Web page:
Fresno on Sunday became the latest city to temporarily boot unlicensed Bird dockless electric scooter rentals from its streets.
The City of Fresno issued a cease-and-desist letter three weeks after Bird Rides, Inc. on August 16 started building unlicensed rental nests in several locations across the Central Valley’s biggest city.
According to the Fresno Bee, Bird filled out an on-line city application on August 14 expressing interest in operating a dockless scooter rentals business in Fresno. Bird claims on its website under “Working With Cities” that the company partners “with cities to help make transportation better & more environmentally friendly.”
But 2 days later, Bird started dropping off groups of scooters in high visibility areas before the local Business Tax Office had time to evaluate its application and review concerns about potential transportation liability, right-of-way and littering issues.
Fresno Assistant City Manager Jim Schaad wrote a letter to Bird on August 29 stating that Bird did not first gain proper city permission and licensing. Schaad warned, “If you want to use the public right-of-way, you have to operate in the public interest.”
Bird and the city are believed to have been in talks for the next 9 days, but the City of Fresno issued a formal cease-and-desist letter effective September 9 for Bird to remove all its scooters until an operating policy and business agreement can be reached with the city.
Fresno’s demand letter blamed Bird for using similar “forgiveness instead of permission” tactics in the “virtually every city” the company attempted to establish electric scooter rentals. Fresno emphasized that San Diego, Boston, Nashville, and Kansas City have issued similar issued similar cease and desist letters, placed restrictions on scooter use, or banned the rentals entirely.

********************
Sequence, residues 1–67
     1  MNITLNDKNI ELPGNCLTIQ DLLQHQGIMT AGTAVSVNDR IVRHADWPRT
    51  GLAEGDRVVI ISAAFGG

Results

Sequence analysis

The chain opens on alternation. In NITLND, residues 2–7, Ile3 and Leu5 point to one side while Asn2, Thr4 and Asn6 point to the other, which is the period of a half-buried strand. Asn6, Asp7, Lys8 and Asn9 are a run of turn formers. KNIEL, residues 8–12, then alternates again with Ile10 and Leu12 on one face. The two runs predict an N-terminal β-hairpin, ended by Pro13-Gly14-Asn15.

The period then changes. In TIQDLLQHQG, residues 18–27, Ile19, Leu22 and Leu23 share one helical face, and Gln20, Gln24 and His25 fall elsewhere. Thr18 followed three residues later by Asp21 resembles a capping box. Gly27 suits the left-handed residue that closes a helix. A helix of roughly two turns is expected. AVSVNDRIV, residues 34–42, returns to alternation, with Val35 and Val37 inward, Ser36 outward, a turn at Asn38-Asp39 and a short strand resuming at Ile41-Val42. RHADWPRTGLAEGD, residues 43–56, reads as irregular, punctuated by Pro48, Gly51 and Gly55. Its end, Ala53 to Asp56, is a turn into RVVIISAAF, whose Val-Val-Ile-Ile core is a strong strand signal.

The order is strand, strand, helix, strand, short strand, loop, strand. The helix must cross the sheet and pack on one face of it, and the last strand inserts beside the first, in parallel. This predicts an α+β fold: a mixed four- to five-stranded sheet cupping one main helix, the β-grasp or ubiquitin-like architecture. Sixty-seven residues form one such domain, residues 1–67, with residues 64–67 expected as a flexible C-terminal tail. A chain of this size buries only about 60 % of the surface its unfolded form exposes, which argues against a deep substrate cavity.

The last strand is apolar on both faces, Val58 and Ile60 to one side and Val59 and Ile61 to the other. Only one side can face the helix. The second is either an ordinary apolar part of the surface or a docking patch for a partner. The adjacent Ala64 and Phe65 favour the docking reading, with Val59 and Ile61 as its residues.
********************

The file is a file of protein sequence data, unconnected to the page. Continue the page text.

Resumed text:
Since Bird scooters hit the streets of Fresno 7 weeks ago, the city claims it has recorded numerous complaints regarding Americans with Disability Act violations; riders failing to use safety helmets; people riding on sidewalks in violation of state law; users dumping scooters on private lawns; and scooters blocking sidewalks and entryways.
The City of Fresno also reported experiencing the same type of public backlash that other cities, including social media posts regarding vandalism of rental scooters.
Fresno’s Mayor Lee Brand emphasized that not issuing a cease and desist order against Bird would have been unfair to the thousands of Fresno businesses that play by the established rules that require proper permits and licenses to operate in the city.
Brand stated that the city is still willing to work with Bird and has a meeting with the company scheduled for next week: “We want to be business friendly – but friendliness goes both ways. We will continue to embrace different forms of transportation, but not at the expense of safety or public process.”